Friday, December 26, 2008

Exit stage left: Harold Pinter dies.

He was, rightly, known as one of the greatest playwrights of his generation and, on Xmas Eve, he finally exited the stage after a long battle with cancer.

Pinter had a number of awards bestowed on him during a long and distinguished career, including the Nobel Prize for Literature in 2005. In its citation, the Nobel academy said Pinter was "generally seen as the foremost representative of British drama in the second half of the 20th century" and declared him to be an author "who in his plays uncovers the precipice under everyday prattle and forces entry into oppression's closed rooms".

Pinter was best know for his plays, including his 1960 breakthrough production The Caretaker, The Dumb Waiter and The Birthday Party. But he was also a screenwriter, actor and director and in recent years a vociferous campaigner against human rights abuses, including the occupation of Iraq by western armed forces. He joined other artists such as Blur and Ken Loach in sending a letter to Downing Street opposing the 2003 invasion.

In 2004 he received the Wilfred Owen award for poetry for a collection of work criticising the war in Iraq.

I well remember his comments on the day 2 million people marched through London protesting against the Iraq war, when he referred to the neo-cons as "thugs". There was something beautifully apt about this master of language choosing this particular word to describe so bluntly a group of people that political commentators were bending over backwards to understand. Pinter simply called them as he saw them and it was a description which never left me.

The Independent refer to him this morning as the "most anti-Establishment member of the Establishment" and there is great truth in that. He has for many years been in a class of his own, indeed the term "Pinteresque" had long ago entered the lexicon, and yet he never lost his anger at that same establishment and the mindless wars that they engaged in, the most recent being the Iraqi misadventure.

It was typical that he should take a swipe at the Iraq war whilst collecting his Nobel Prize in 2005, but he widened his criticism to American foreign policy in general:

Everyone knows what happened in the Soviet Union and throughout Eastern Europe during the post-war period: the systematic brutality, the widespread atrocities, the ruthless suppression of independent thought. All this has been fully documented and verified.

But my contention here is that the US crimes in the same period have only been superficially recorded, let alone documented, let alone acknowledged, let alone recognised as crimes at all. I believe this must be addressed and that the truth has considerable bearing on where the world stands now. Although constrained, to a certain extent, by the existence of the Soviet Union, the United States' actions throughout the world made it clear that it had concluded it had carte blanche to do what it liked.

Direct invasion of a sovereign state has never in fact been America's favoured method. In the main, it has preferred what it has described as 'low intensity conflict'. Low intensity conflict means that thousands of people die but slower than if you dropped a bomb on them in one fell swoop. It means that you infect the heart of the country, that you establish a malignant growth and watch the gangrene bloom. When the populace has been subdued - or beaten to death - the same thing - and your own friends, the military and the great corporations, sit comfortably in power, you go before the camera and say that democracy has prevailed.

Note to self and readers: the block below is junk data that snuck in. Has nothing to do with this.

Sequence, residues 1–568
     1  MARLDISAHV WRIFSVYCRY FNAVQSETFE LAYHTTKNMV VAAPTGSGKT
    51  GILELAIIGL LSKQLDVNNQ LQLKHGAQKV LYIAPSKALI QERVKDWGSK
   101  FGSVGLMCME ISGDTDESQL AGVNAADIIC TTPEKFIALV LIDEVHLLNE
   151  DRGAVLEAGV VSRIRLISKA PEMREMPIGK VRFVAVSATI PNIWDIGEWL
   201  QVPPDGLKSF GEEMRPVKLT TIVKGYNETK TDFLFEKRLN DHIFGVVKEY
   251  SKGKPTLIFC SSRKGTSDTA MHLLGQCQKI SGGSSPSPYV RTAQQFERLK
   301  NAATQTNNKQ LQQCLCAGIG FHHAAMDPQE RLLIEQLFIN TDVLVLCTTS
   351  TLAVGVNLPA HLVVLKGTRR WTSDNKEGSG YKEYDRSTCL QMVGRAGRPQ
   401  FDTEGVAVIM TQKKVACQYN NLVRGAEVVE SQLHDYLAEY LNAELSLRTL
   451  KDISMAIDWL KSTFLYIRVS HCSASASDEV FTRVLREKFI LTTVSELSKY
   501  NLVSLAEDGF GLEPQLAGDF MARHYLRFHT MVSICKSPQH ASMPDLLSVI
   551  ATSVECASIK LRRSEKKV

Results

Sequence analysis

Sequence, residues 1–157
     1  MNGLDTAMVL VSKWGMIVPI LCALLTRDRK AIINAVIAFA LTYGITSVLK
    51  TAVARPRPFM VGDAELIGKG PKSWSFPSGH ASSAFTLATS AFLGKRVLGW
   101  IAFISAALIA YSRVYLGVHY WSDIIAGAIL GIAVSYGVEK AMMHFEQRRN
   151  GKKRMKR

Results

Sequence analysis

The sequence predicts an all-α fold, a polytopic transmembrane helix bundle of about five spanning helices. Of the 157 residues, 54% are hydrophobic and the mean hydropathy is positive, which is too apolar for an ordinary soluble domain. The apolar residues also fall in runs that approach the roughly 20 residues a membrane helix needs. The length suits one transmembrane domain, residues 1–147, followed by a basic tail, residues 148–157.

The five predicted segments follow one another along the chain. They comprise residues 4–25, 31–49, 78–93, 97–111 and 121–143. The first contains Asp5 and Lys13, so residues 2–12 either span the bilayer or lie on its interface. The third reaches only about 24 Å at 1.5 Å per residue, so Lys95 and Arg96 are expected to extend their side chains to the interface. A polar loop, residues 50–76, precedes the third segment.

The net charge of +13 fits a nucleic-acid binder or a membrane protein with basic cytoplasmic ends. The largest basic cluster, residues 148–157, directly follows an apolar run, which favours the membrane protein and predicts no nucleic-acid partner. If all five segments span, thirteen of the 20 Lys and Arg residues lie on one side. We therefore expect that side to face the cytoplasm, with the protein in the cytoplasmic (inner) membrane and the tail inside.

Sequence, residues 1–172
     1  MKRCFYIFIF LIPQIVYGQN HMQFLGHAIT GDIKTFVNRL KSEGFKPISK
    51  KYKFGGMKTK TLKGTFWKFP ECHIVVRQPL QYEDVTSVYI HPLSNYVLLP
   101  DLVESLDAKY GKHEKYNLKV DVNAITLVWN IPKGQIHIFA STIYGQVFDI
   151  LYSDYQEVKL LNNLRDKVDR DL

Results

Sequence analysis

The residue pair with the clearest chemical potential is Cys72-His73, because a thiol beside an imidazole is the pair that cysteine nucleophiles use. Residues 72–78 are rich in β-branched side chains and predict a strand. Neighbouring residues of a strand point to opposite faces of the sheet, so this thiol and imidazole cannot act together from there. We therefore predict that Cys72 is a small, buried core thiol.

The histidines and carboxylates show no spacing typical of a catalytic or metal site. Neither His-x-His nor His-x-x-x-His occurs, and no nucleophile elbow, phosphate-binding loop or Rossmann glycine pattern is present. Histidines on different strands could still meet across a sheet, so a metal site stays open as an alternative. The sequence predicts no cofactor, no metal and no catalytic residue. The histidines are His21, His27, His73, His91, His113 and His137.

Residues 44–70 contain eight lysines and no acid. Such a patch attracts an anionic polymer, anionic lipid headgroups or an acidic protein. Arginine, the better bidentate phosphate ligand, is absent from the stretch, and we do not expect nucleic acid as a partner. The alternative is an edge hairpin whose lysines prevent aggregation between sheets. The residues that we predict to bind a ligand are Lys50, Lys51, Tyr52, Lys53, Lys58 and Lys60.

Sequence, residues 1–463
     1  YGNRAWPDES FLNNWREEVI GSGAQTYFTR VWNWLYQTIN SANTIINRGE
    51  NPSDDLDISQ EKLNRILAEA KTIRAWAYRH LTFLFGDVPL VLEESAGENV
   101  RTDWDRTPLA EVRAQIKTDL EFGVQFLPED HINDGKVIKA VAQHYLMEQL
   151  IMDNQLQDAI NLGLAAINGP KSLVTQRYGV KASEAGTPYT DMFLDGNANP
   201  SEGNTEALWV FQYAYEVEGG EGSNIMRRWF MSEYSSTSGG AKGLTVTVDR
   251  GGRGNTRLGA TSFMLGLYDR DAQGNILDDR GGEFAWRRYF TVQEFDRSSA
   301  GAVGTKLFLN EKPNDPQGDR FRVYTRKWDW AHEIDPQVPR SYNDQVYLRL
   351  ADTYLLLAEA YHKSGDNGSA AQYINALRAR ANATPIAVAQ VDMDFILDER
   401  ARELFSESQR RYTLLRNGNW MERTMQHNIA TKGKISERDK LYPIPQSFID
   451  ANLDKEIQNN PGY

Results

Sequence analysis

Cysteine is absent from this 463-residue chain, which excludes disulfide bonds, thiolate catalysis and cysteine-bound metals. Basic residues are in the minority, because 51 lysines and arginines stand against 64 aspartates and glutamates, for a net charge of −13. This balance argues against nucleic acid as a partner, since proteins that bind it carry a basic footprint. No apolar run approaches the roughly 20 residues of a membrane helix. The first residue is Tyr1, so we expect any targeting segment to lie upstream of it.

He gave examples, including what took place in Nicaragua, E Salvador and Guatemala of how this promotion of "democracy" works and how it impacts on the world's poorest citizens:

The United States finally brought down the Sandinista government. It took some years and considerable resistance but relentless economic persecution and 30,000 dead finally undermined the spirit of the Nicaraguan people. They were exhausted and poverty stricken once again. The casinos moved back into the country. Free health and free education were over. Big business returned with a vengeance. 'Democracy' had prevailed.

And, of course, he saw this same pattern being repeated in Iraq, where American corporations were moving in on Iraqi oil whilst their government spouted platitudes about democracy.

And Pinter, a master of language, understood perfectly well how American presidents have managed to sell what they are doing to the American people:

Listen to all American presidents on television say the words, 'the American people', as in the sentence, 'I say to the American people it is time to pray and to defend the rights of the American people and I ask the American people to trust their president in the action he is about to take on behalf of the American people.'

It's a scintillating stratagem. Language is actually employed to keep thought at bay. The words 'the American people' provide a truly voluptuous cushion of reassurance. You don't need to think. Just lie back on the cushion. The cushion may be suffocating your intelligence and your critical faculties but it's very comfortable.

He referred to the Iraqi invasion as "a bandit act, an act of blatant state terrorism, demonstrating absolute contempt for the concept of international law" and asked the question, "How many people do you have to kill before you qualify to be described as a mass murderer and a war criminal? One hundred thousand?"

At a time when one witnesses political commentators falling over themselves to excuse the inexcusable, Pinter's voice had a unique logical consistency which refused to buy into American exceptionalism or the Orwellian language of "freedom" and "liberation" espoused by Bush and his cohorts.

It was an important voice and it will be missed.

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